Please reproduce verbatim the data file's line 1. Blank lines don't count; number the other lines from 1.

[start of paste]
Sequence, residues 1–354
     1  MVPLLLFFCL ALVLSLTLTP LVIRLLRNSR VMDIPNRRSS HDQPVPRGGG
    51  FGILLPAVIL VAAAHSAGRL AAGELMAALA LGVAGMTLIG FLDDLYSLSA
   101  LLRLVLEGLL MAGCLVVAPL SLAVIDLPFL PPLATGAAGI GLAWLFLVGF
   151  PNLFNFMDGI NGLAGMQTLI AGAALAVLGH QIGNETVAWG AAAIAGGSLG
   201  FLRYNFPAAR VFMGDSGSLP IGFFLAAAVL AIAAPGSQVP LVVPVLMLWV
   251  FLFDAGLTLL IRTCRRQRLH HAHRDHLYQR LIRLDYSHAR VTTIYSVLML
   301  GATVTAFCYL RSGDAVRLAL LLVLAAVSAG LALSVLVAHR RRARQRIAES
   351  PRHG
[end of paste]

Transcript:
Sequence, residues 1–354